“Greg Sloat & Rick Lillie Killed But Not In Action” Tanka 2265

(February 10, 2019)

one year every now

greg and rick found no more

fell out of the sky

they saved my life with their own

on Lam Son Seven-Nineteen!*

*(Rick Lillie and Greg Sloat, both Marine Combat Correspondents – Rick a writer/photographer and Greg a photographer – came through my awareness separately in 1970 in Vietnam. Greg, in the field: a competent and taciturn though easy-to-smile big man who did his job and kept his own counsel. Rick passed my less-than-sober path at An Hoa Combat Base at the edges of Arizona Territory, a much-disputed patch of land South and West of Danang, home of our then-termed Public affairs outfit with the First Marine Division. I was curing my case of continuing cowardice with copious infusions of ill-gotten Budweiser and other amendments. Rick was induced to join the merriment at my formerly solitary squalid Fifth Marine Regimental Press Center. I got him drunk and with the help of a fellow from the adjoining sea-hut with a tent top patching the holes in the tin roof when one of our own “tubes,” this time a 175-mm big gun flat wore itself out and exploded just after passing the last round ever it would fire, the resulting shrapnel penetrating many local neighborhoods. Hence, the tarp of tent. And it scared unholy not-Jesus out of my press center’s major-domo, the largest, grayest Norwegian rat ever on record. It lived in the rafters of my hootch, perched on a lower stringer and watched Armed Forces Vietnam television day and night when not occupying itself with scavenging conveniently half- or not-at-all eaten c-ration chow from always opened tins placed in a pile just outside the hatch (door) to my abode in a topless bunker dugout (in case of enemy rocket fire which before I was evicted from my Seventh Marine Regimental home in the Que Son Valley where I’d come to think of as “home.” So, to give me something to do, I unbuttoned Rick’s jungle cammies blouse (Marines call any shirt or coat a blouse. Don’t ask me why: maybe Archie Henderson was a crossdresser back during the First and Second Seminole Wars where the then-Major Commandant of the entire U. S. Marine Crotch left but a lame senior sergeant to answer the mail and hied the whole shebang hence to Florida’s Everglades, which in those days almost touched Lake Eola – I deficate you not! I then opened a pair of cans of peanut butter and fake yellow cheese spread and applied each to the good sergeant’s now-nekkid chest area. He was drunk enough not to notice. But, eventually, Felix The Rat found the enticement too good to just sit and stare at meaningless Marine – and other branches’ – clean-and-sober television hosts announce the not-news, so our good buddy hopped on down and crawled slowly is way to breakfast. He loved the unique combination of peanut butter and cheese. He chittered low-ranged enough on the meter for me to hear and I went back to my beer. Then, suddenly, I was wakened from my ambulatory stupor with this shout and sound of a large weight being thrust to the deck. It was Rick. He came off the floor (deck) in a rush, found his chest all a-mess with unnatural substances – possibly even scared-Rat poop. Felix was contributing to the commotion. Rick glared at us both and grabbed the proffered green towel – personally in those days I had taken to using a faded pink terrycloth towel to drape over my shoulders and neck. I still wore a bright red, yellow, black and blue-flecked sweatband woven through the faux shotgun shell bands stitched into the upper bands of my combat bush hat. Sergeant Lillie was less than composed and discourteous to me and I told him he hadn’t ought to take out his ire on a lowly Lance Corporal like that. Snuffies’ Union might take up the matter at our next – which would be our first if ever we had one – meeting. I handed Rick a brand new tee shirt – green, of course – and extra-large cammy blouse and moments later a beer and a triple shot of Jack (Daniels) and he simmered down to a slow smolder. Soon thereafter Rick wend his way out of the Division to take up time at The First Marine Air Wing. I had wrangled a new assignment as senior Sergeant in the Ward of Patients in 8-West (the surgery ward) of Jacksonville Naval Hospital just after my 30-day survivors leave – not counted as annual leave – and spent a pleasant end-of-January in a semi-private hospital room, complete with two small trashcans, both filled with ice inside a thick plastic liner, custom cut, into which half a case of canned beer sat. All was going swimmingly until next mail call sometime early if February. Stoney Merriman’s second letter to me came with the news. After Operation Lam Son 719, a Vietnamese Army operation launched into Laos from the former Marine combat base called Khe Sanh, Greg and Rick were flying back in a helicopter from that legendary outpost and somewhere near Hue City the chopper came down and all aboard were killed on impact. No auto-rotation, no word on enemy fire, no word on anything but Rick and Greg were dead. For the second time in a couple of months all USMC writers and photographers were pulled out of the field – we called it The Bush – and returned to DaNang to do what? Hell. I dunno. Mourn? Word when I got hit – the first in more than a year – everyone pulled back to DaNang because almost all of us then there were “short” as the division was already begun rotating men and units back to Okinawa and later California. It took years before I found out how Rick and Greg bought their individual farms. And, so, with but two more years to go to the fiftieth anniversary of two more Marines reporting to brothel-guard duty right inside Peter’s pearly gates, I will take some time to find an appropriate “Slop Chute” and find the worst swill possible to toast those two guys, and once again apologize to Felix for sic’ing Rick Lillie on that poor large not-mouse.)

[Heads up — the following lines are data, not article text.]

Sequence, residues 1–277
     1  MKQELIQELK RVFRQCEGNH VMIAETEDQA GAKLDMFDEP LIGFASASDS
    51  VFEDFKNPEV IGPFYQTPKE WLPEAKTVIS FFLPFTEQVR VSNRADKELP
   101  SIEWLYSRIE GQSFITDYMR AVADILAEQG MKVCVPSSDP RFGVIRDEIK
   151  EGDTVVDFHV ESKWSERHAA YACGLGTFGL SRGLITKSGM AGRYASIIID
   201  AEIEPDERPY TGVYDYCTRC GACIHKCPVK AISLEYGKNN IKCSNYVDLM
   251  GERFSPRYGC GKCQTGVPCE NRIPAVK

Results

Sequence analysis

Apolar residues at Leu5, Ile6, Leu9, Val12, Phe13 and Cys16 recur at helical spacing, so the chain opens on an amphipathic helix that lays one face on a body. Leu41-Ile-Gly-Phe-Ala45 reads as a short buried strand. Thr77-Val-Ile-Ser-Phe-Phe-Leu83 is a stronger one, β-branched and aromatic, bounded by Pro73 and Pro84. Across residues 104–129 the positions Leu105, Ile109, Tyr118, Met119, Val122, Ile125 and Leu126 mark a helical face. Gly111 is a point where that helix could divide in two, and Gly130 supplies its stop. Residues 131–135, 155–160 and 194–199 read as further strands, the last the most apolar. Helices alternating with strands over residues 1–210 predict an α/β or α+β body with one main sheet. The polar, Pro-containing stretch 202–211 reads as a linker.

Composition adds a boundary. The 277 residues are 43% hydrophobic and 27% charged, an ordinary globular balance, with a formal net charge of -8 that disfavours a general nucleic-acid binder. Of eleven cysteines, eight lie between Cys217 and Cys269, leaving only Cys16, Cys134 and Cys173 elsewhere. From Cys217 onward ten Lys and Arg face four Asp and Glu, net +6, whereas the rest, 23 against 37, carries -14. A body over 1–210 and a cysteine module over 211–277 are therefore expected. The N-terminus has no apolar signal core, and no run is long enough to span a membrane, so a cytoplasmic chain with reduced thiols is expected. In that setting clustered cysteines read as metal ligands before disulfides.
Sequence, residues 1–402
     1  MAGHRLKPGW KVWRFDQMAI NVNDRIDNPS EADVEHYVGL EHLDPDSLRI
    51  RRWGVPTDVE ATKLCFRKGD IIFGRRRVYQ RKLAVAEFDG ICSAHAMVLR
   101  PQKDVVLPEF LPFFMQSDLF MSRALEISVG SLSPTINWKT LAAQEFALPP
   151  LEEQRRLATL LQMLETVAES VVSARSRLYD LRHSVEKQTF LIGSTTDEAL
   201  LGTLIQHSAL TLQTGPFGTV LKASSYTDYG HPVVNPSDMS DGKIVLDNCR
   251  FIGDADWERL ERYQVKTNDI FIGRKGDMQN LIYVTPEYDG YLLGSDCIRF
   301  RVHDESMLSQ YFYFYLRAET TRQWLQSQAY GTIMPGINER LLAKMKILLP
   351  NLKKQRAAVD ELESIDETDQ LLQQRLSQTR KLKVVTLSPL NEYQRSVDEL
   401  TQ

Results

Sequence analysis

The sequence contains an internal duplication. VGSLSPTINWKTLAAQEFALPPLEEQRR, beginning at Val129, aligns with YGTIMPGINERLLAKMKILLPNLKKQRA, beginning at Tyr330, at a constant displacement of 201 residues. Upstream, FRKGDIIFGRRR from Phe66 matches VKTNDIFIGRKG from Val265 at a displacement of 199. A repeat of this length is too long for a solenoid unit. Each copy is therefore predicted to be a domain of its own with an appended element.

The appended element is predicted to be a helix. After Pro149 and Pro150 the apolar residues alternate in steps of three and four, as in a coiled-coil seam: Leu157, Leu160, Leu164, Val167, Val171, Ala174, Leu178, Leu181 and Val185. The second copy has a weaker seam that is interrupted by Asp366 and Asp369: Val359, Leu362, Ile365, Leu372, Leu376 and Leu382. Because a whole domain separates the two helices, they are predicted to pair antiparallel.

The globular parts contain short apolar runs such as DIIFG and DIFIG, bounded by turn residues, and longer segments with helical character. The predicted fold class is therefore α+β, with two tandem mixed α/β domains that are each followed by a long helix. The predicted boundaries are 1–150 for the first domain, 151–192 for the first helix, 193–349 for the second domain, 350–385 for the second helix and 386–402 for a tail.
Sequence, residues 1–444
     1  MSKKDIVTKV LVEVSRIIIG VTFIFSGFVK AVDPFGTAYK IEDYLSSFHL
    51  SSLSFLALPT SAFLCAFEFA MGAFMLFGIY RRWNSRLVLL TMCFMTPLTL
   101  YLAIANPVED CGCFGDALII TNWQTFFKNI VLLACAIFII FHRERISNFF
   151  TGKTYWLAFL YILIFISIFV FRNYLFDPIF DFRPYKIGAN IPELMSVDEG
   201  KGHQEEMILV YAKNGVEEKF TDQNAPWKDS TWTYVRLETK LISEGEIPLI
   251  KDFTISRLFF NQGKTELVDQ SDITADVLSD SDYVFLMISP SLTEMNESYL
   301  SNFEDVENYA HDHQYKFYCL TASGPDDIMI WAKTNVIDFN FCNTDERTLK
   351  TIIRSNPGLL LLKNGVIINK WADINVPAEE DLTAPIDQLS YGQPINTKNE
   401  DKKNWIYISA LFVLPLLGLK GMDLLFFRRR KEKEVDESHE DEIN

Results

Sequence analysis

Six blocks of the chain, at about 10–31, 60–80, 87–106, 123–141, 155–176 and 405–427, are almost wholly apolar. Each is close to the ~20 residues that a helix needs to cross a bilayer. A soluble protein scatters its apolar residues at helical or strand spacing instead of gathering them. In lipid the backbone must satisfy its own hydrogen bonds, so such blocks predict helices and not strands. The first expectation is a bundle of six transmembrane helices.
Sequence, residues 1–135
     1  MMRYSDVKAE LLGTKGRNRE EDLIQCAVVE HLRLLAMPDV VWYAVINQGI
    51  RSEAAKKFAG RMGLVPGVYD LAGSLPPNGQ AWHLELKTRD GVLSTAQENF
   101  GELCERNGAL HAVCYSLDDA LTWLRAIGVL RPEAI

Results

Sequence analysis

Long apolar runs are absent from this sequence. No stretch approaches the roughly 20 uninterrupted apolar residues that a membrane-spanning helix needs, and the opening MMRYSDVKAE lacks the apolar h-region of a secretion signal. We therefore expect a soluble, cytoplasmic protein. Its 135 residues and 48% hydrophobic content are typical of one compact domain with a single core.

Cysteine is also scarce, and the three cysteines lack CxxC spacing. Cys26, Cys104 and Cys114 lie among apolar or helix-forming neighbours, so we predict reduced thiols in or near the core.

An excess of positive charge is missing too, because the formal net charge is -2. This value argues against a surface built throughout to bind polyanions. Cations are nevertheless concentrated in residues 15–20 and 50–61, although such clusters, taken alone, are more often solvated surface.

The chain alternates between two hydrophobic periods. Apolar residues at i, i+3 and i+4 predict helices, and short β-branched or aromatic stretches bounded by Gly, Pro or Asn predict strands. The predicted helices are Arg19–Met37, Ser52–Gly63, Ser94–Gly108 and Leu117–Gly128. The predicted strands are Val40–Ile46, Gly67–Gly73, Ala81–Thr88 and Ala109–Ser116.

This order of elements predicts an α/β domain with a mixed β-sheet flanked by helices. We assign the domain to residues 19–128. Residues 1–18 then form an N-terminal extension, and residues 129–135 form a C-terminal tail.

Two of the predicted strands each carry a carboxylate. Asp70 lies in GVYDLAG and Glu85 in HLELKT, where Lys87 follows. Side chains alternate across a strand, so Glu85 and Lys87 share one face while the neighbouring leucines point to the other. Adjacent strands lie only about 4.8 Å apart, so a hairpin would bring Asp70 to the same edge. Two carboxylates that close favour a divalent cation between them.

Comments are closed.